DJ Lynx special guest Code of the Streets 26/10/19 Ujima Radio

October 26, 2019
8:00 pmto10:00 pm
8:00 pmto10:00 pm

As part of #BlackHistoryMonth celebration DJ Lynx

DJ Lynx social guest Ujima Radio

Bristol Hip Hop legend DJ Lynx appears on Code of the Streets 26/10/19

will be live on Code of the Streets Ujima Radio 98fm Sat 26th Oct tune in from 8-10pm. Lynx’s has been one of the formidable Hip Hop DJ’s from the mid 80’s where he has been rocking venues throughout Bristol, touring with 3PM & working with producers Smith n Mighty. Also being amongst the original DJ’s to be on early Pirate Bristol Station B.A.D Radio, and eventually cementing a regularly spot on Galaxy Radio with the 3PM Experience Show. The programme built a strong listenership throughout the city & further a field, also Lynx’s Mixtapes were highly in demand which would feature some of the biggest tunes out at that time, with some fresh exclusive joints. (The following is taken from thegoldenera.blogspot.com)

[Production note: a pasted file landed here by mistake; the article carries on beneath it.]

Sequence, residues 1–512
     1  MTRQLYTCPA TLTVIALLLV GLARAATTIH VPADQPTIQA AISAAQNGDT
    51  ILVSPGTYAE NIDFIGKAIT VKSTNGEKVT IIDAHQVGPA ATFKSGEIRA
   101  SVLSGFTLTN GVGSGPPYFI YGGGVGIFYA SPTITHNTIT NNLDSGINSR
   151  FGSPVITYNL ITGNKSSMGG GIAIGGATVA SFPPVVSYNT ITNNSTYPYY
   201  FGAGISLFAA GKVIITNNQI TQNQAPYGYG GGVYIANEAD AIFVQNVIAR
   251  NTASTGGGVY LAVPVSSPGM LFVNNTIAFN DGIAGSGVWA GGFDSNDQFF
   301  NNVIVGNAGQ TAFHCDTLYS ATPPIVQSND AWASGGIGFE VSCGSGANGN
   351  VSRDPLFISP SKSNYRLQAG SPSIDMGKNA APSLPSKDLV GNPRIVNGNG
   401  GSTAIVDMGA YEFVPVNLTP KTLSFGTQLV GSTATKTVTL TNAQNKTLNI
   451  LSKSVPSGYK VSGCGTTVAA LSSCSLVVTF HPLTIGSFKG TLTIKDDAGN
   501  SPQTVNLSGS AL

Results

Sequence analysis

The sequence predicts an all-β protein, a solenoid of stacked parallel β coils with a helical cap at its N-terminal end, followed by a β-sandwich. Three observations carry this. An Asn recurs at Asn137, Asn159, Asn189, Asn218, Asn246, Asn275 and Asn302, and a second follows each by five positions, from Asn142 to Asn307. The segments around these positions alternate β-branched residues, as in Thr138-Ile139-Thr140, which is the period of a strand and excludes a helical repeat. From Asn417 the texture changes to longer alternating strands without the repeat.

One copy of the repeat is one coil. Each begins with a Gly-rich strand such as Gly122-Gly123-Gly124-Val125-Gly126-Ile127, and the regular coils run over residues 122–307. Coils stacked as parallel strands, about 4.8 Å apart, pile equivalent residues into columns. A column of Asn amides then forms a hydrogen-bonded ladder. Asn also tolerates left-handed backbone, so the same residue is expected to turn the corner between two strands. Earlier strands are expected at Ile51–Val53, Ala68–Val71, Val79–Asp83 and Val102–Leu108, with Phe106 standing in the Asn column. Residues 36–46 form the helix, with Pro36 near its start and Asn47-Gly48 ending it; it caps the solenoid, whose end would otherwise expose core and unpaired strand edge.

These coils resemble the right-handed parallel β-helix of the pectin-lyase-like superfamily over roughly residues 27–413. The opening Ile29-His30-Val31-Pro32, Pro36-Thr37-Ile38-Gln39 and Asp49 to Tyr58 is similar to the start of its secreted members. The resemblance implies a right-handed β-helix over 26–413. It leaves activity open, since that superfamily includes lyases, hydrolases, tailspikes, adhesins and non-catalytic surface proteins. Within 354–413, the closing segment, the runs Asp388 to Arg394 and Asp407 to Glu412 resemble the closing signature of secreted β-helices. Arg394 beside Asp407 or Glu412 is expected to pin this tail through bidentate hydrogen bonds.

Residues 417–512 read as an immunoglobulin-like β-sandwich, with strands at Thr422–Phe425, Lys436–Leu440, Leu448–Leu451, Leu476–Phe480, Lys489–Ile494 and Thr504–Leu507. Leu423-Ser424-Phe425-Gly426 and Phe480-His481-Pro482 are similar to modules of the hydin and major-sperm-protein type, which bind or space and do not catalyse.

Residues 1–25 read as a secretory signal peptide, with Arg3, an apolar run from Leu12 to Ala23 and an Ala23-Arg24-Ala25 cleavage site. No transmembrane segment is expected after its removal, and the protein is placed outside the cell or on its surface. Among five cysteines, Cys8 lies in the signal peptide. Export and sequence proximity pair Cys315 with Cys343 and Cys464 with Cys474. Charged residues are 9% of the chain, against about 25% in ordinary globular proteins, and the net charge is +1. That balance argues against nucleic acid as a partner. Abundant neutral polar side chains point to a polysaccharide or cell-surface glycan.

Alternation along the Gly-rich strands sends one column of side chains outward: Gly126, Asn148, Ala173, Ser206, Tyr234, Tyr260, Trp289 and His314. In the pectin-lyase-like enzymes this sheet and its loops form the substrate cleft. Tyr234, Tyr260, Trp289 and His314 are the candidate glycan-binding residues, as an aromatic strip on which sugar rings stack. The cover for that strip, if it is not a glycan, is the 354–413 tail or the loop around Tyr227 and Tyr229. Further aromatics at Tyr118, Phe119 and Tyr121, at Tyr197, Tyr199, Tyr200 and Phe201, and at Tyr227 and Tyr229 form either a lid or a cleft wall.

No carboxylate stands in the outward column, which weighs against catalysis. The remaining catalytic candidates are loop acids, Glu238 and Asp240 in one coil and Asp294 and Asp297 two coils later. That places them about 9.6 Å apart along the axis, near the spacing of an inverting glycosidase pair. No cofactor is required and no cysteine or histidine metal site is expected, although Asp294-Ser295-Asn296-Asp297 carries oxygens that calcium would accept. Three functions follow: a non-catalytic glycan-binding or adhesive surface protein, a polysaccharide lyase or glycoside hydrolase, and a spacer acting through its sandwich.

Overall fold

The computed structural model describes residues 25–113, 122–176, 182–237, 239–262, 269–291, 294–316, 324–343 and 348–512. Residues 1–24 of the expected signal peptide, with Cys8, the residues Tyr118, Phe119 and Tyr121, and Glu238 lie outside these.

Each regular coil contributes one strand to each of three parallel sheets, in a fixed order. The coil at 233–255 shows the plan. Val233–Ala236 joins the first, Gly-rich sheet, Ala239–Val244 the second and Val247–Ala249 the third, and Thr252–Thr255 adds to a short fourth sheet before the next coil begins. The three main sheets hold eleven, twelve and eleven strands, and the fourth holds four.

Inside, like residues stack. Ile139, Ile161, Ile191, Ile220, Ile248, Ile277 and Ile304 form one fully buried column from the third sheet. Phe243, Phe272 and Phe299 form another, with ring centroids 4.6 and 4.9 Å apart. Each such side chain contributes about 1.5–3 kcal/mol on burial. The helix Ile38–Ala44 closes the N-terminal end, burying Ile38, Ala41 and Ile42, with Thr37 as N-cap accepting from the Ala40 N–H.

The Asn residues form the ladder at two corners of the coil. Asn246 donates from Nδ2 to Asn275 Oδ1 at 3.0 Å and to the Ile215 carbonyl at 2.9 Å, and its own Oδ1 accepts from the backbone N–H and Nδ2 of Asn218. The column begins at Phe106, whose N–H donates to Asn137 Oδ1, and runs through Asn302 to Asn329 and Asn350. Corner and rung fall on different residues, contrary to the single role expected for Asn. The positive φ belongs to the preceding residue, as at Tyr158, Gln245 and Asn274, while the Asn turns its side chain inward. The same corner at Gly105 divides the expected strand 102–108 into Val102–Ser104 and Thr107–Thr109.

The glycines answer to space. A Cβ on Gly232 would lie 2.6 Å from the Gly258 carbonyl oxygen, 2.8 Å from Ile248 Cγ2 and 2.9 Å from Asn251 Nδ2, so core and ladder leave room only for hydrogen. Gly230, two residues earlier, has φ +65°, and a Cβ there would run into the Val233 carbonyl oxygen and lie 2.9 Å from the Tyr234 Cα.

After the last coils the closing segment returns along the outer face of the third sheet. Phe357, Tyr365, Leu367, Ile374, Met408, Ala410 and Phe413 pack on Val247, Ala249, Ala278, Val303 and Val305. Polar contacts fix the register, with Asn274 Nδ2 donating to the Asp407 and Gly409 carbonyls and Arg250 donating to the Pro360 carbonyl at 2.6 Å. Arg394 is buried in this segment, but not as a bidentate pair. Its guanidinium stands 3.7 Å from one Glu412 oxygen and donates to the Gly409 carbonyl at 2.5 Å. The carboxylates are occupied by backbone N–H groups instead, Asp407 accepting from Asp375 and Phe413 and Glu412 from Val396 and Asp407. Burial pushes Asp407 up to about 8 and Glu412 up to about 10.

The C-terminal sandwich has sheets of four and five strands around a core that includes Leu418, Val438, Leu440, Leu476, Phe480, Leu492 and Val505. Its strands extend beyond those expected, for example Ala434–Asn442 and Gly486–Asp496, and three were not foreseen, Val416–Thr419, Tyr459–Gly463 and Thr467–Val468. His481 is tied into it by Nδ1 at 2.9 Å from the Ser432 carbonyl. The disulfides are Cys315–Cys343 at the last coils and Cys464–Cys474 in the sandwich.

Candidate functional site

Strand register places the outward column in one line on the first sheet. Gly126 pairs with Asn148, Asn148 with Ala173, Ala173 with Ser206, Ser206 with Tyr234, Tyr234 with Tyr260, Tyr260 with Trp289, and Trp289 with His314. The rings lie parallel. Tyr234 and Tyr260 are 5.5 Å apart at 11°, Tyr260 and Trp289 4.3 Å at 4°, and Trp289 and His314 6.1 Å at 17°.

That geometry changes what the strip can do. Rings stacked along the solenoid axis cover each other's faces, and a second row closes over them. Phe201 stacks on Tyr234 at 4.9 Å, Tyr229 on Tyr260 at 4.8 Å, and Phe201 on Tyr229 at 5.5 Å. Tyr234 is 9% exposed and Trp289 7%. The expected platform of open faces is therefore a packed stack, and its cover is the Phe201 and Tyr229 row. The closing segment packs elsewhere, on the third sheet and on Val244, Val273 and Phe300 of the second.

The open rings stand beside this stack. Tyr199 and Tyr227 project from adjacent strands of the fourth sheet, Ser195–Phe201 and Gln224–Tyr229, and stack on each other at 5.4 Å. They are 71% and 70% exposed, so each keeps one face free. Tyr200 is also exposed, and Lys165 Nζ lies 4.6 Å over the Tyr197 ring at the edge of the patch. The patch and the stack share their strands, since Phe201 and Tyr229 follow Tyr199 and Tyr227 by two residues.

“You might not know 3PM like you know, for instance, London Posse, Massive Attack or Soul II Soul – their contemporaries in the coming of age of hip-hop’s influence on Britain. But in their hometown of Bristol, hip-hop trio 3PM enjoy legendary status. That’s not a word we use lightly. MCs Krissy Kriss, Kelz and DJ Lynx have a backstory entwined with the very roots of modern Bristol music. As emcees, they graced the earliest, and now classic, recordings by bass pioneers Smith & Mighty (check 1988’s ‘Anyone (Rap ‘ for the 3PM prototype). Before that, Krissy Kriss was a charismatic mid-1980s presence on the storied Wild Bunch sound system. Yet to concentrate on the provenance of the group’s connections, is to downplay what a generation of South West rap fans already knew by 1990: 3PM were a hip-hop powerhouse in their own right.The most influential group in creating a distinctive identity for Bristol rap, 3PM was at the forefront of British hip-hop’s quest for legitimacy – as significant in melding rap to black-Britishness as better-known contemporaries from the capital, like London Posse and the Demon Boyz. Records like ‘St.P’ (1990) and ‘Better Late Than Never’ (1993) combined a ruinous low-end and smile-inducing musicality with a verbal ag ility that showed easy confidence in the group’s black Bristolian heritage. To put it simply, 3PM told tales of the city they lived in, in the language of its inner-city neighbourhoods like St. Paul’s and Easton: Kelz’s so-called ‘countryfied bumpkin patois’. Perhaps most importantly, in doing this, Kriss and Kelz seemed every bit as magically paired as hip-hop’s most charismatic tag-teams. To those following 3PM’s tantalising scatter of vinyl between 1988 and 1995, the recipe was always there to make them one of the great British rap groups of their generation.

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